New ‘Retailer Preference Index’ Puts Trader Joe’s, Costco and Amazon at the Top
Trader Joe’s, Costco and Amazon top a new measurement that’s designed to link consumer preference with a retailer’s financial performance. The Retailer Preference Index (RPI) was unveiled today in New York at the NRF 2018 Show by Chicago-based customer data science company Dunnhumby.
The RPI study surveyed 11,000 U.S. households and analyzed consumer emotional sentiment for 59 food retailers, and then combined the survey data with the retailers’ financial performance to create each retailer’s preference index. The top 10 retailers with the highest preference index scores are 1) Trader Joe’s, 2) Costco, 3) Amazon, 4) H-E-B, 5) Walmart, 6) Wegmans, 7) Aldi, 8) Sam’s Club, 9) Sprouts Farmers Market and 10) Whole Foods Market.
Jose Gomes, managing director of North America for Dunnhumby, said that his company’s new index fills a gap, since the current industry rankings only measure consumer popularity and financial performance separately.
“Our model captures the complexity of customers’ preferences and their actual choices by quantifying the relationship between how they perceive a retailer with their emotional connection and the financial performance,” Gomes noted.
The RPI found that the top-quartile retailers share four effective strategies:
Price-focused: “Aldi’s laser focus on price and certain high-volume staple categories like dairy and packaged foods secured the discount retailer with high rankings on price and overall RPI,” observed Dunnhumby. “Stores that index high enough on price can often sacrifice on convenience, speed, digital, and personalized discounts and information, and still rank highly.”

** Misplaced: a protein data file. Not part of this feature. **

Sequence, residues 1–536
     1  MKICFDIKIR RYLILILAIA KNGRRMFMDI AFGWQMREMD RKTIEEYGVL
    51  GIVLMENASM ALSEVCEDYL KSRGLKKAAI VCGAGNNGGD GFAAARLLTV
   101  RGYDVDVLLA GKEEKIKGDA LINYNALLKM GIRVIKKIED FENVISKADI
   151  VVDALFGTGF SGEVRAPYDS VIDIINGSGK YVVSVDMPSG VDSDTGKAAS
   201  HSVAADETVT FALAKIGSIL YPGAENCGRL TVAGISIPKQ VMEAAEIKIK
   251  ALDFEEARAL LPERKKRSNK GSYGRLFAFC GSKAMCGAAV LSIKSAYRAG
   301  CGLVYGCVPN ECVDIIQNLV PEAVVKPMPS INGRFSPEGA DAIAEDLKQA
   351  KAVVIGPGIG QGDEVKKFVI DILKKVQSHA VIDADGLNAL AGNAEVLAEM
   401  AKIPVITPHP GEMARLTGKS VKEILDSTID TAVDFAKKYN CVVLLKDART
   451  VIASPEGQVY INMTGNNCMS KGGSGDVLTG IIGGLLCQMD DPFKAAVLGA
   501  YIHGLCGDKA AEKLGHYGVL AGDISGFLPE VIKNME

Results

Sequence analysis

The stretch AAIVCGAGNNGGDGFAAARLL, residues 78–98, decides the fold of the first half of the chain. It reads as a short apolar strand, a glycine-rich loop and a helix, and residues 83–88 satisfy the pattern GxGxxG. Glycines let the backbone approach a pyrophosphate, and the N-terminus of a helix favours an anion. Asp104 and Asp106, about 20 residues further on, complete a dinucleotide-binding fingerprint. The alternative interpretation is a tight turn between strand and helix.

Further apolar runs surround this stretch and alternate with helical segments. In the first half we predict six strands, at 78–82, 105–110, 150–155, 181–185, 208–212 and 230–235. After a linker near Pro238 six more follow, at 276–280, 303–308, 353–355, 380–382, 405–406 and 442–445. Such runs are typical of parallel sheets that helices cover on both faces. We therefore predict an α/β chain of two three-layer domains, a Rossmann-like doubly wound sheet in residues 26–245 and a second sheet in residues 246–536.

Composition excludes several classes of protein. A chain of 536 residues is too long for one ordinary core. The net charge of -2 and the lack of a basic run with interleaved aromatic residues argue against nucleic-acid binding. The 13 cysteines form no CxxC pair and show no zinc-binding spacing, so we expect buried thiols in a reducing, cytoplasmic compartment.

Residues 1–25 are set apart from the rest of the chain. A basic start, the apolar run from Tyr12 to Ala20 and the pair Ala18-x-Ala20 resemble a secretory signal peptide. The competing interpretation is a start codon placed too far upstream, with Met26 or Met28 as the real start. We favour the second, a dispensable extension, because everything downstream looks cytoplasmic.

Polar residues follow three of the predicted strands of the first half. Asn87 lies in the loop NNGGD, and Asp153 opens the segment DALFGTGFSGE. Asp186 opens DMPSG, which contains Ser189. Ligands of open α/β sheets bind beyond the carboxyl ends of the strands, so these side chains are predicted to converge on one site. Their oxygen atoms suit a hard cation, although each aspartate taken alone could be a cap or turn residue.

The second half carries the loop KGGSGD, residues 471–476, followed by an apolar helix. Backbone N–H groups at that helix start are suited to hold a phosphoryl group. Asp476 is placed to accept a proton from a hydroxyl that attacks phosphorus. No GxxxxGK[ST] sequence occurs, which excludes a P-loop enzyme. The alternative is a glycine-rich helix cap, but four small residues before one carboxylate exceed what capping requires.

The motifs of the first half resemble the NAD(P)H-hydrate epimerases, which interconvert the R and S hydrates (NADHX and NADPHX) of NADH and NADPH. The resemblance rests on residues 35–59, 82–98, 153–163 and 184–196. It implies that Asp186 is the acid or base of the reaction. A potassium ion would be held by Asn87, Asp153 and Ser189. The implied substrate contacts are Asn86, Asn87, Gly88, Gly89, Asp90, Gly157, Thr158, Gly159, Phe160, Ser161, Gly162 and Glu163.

Quality-focused: “Although Whole Foods Market performs below average on prices, it still achieves a high overall RPI because they index so high on quality,” noted Dunnhumby.
Value-focused: Trader Joe’s, Costco, Sprouts and H-E-B all indexed high on quality and price.
Price-focused and supported by digital execution: “Walmart’s success in digital translates into a high RPI ranking, and from indexing high on price and convenience,” noted Dunnnhumby. “Target ranked second on digital execution, but ranked only average on the other supporting factors, moving it out of the top quartile of the RPI.”
Summing up the results, Gomes said: “We firmly believe that retailers must differentiate themselves today to be competitive in face of the myriad of options shoppers have. Differentiation begins with the retailer identifying the shoppers that they can serve better than their competition. A solid customer-first strategy, backed by customer data science, will help the retailer focus its finite resources and attention on the customers that are the most important to their success. This study is intended as a first step on that path of understanding.”
Other key findings from the study include:
Price and quality are the most important preference drivers. Retailers with a weak value core should focus on shoring up that weakness before turning attention to other drivers such as convenience, rewards or speed.
The top-performing grocers include relatively recent entries into the 100-year-old supermarket business and are more likely to be national banners. All of these banners, except H-E-B, were either established or began to expand around the 1980s, which allowed many of them to carefully select store locations.
The second-best-performing quartile of retailers include some of the higher-performing, older grocery banners, including Meijer, Publix and Kroger. This quartile has the highest top-of-mind (ToM) recall and the second-highest financial performance.
Many undifferentiated mainstream banners are delivering minimal value to their shoppers. Even though many have been shopped at for a longer period, they have the weakest emotional connection. They must focus on improving value perceptions and reconnect with their shoppers, or profitability will be a challenge in an increasingly competitive market.